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The question is in the title! I know that a globally rigid graph is 3-connected and redundantly rigid, so my question could be rephrased as: "does there exist a graph which is 3-connected and chordal but not redundantly rigid?"

It seems fairly intuitive to me that there does not, but my intuition about graphs has a fairly bad record...

Thanks in advance.

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Every such graph is generically globally rigid in $E^2$. A 3-connected chordal graph can be built by starting with a triangle and then sequentially attaching new vertices to at least 3 previous ones. See this paper for some explicit statements. This idea generalizes to any dimension.

In fact, any generic (or even general position) framework for such a graph will be universally rigid in $E^2$, ie. it has no equivalent and non-congruent frameworks in any dimension. Such a graph is called generically universally rigid in $E^2$. (Note that you need to be a bit careful with universal rigidity as there are graphs that have some generic frameworks that are universally rigid in $E^2$, and other generic frameworks that are not universally rigid in $E^2$.)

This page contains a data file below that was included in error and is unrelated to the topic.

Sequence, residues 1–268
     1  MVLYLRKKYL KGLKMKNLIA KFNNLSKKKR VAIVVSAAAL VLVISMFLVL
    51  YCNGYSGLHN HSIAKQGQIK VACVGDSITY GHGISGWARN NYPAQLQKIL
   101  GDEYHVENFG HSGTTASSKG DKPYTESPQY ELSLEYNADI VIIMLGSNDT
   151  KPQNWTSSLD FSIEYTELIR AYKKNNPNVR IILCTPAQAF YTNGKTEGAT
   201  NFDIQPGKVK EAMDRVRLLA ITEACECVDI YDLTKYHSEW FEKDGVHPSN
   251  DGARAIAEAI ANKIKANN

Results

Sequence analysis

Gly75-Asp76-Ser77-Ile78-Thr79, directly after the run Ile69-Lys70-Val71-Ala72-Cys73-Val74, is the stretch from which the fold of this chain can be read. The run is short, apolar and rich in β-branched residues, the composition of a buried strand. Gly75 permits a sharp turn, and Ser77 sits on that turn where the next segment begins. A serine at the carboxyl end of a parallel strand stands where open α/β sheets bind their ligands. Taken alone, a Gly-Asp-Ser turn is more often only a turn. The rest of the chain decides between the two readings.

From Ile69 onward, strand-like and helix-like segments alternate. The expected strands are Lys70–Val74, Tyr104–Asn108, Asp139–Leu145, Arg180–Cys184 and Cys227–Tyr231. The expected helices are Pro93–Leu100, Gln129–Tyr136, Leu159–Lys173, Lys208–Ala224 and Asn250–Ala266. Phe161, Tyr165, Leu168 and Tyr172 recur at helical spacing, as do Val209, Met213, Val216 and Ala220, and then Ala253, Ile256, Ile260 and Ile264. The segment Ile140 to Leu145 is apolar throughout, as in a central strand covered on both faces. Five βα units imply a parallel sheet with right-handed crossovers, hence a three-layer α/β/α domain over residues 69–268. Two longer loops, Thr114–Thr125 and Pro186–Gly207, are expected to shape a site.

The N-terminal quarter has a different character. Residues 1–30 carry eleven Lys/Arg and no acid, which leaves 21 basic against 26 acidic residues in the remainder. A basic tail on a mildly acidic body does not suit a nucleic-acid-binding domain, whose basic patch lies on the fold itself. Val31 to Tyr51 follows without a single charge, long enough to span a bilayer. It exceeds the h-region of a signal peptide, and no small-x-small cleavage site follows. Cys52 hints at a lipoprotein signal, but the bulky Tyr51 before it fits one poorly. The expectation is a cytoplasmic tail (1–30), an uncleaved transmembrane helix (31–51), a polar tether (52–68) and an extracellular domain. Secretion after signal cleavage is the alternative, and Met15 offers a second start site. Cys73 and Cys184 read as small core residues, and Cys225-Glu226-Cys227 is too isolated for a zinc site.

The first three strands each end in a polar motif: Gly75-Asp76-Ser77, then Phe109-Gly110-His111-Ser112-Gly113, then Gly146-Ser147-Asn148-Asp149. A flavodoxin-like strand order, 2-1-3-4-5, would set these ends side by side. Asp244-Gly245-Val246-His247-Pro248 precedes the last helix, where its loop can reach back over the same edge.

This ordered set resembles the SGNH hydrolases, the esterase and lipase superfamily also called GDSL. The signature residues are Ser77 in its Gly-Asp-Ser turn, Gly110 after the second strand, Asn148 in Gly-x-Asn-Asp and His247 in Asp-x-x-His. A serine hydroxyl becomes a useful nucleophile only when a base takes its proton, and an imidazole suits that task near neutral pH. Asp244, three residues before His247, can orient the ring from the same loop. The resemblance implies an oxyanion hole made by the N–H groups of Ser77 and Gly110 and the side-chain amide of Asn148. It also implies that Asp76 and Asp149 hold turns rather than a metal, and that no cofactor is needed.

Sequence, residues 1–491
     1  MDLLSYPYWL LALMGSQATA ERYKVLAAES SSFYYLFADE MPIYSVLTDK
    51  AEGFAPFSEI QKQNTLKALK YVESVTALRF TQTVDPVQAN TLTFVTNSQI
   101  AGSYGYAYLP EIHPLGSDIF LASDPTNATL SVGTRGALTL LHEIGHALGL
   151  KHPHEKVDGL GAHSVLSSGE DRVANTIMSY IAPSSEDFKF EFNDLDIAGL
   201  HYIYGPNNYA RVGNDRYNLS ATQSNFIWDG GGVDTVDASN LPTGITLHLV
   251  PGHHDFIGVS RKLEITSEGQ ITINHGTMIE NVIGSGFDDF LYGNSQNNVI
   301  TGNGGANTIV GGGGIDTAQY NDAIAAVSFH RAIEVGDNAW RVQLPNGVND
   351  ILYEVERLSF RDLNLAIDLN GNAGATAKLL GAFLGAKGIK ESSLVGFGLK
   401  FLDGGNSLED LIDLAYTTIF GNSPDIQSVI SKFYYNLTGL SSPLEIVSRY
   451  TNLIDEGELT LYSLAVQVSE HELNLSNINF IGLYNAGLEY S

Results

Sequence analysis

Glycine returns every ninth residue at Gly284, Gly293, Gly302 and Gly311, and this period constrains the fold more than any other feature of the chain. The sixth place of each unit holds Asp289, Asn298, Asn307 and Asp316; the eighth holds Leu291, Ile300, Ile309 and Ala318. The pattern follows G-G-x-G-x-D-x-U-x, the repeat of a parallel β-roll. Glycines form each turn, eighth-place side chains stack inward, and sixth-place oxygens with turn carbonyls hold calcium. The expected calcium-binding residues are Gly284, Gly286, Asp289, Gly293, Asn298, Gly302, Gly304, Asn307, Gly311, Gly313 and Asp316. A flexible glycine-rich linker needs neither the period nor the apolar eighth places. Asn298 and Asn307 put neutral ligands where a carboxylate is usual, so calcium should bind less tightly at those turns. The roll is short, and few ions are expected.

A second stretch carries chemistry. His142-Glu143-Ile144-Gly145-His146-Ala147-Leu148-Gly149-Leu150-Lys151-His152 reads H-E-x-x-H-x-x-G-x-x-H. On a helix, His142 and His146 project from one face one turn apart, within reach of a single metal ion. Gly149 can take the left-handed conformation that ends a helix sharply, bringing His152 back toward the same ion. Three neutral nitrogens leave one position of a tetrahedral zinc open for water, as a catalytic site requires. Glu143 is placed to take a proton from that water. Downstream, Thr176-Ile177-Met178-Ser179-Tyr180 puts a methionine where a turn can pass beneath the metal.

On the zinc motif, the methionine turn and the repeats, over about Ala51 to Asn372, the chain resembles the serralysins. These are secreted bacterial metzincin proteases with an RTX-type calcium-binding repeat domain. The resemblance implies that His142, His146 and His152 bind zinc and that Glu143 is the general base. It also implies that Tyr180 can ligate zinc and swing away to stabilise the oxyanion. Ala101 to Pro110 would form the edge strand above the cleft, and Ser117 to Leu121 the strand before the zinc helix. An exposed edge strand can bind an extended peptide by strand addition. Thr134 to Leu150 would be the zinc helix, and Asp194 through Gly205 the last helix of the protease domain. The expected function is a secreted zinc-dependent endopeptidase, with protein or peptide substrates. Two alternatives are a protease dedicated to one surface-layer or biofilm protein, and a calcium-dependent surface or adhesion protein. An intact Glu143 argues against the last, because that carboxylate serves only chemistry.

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thanks, much appreciated. –  MrB Oct 8 '12 at 15:36

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